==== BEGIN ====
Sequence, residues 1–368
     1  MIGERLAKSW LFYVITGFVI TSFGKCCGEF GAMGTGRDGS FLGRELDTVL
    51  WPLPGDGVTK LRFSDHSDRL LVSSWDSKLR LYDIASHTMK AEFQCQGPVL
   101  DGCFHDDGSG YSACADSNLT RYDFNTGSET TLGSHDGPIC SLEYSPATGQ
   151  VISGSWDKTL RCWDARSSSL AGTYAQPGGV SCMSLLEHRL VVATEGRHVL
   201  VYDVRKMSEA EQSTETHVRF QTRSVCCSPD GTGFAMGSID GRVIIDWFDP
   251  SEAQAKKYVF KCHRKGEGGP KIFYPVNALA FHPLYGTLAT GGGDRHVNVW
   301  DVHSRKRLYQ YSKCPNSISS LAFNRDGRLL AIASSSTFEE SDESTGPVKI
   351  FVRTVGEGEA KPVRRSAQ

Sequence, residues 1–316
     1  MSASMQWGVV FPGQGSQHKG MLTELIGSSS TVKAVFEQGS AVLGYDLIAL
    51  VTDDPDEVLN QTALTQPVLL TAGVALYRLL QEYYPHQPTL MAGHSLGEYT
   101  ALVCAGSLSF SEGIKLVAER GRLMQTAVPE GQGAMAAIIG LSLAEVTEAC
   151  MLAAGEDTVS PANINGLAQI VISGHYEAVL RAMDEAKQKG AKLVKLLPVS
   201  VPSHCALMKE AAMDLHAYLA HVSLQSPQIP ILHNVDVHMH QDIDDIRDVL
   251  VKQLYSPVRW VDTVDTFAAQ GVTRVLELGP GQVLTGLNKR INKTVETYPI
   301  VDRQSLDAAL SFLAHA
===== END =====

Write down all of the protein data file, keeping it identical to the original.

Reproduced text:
Sequence, residues 1–368
     1  MIGERLAKSW LFYVITGFVI TSFGKCCGEF GAMGTGRDGS FLGRELDTVL
    51  WPLPGDGVTK LRFSDHSDRL LVSSWDSKLR LYDIASHTMK AEFQCQGPVL
   101  DGCFHDDGSG YSACADSNLT RYDFNTGSET TLGSHDGPIC SLEYSPATGQ
   151  VISGSWDKTL RCWDARSSSL AGTYAQPGGV SCMSLLEHRL VVATEGRHVL
   201  VYDVRKMSEA EQSTETHVRF QTRSVCCSPD GTGFAMGSID GRVIIDWFDP
   251  SEAQAKKYVF KCHRKGEGGP KIFYPVNALA FHPLYGTLAT GGGDRHVNVW
   301  DVHSRKRLYQ YSKCPNSISS LAFNRDGRLL AIASSSTFEE SDESTGPVKI
   351  FVRTVGEGEA KPVRRSAQ

Sequence, residues 1–316
     1  MSASMQWGVV FPGQGSQHKG MLTELIGSSS TVKAVFEQGS AVLGYDLIAL
    51  VTDDPDEVLN QTALTQPVLL TAGVALYRLL QEYYPHQPTL MAGHSLGEYT
   101  ALVCAGSLSF SEGIKLVAER GRLMQTAVPE GQGAMAAIIG LSLAEVTEAC
   151  MLAAGEDTVS PANINGLAQI VISGHYEAVL RAMDEAKQKG AKLVKLLPVS
   201  VPSHCALMKE AAMDLHAYLA HVSLQSPQIP ILHNVDVHMH QDIDDIRDVL
   251  VKQLYSPVRW VDTVDTFAAQ GVTRVLELGP GQVLTGLNKR INKTVETYPI
   301  VDRQSLDAAL SFLAHA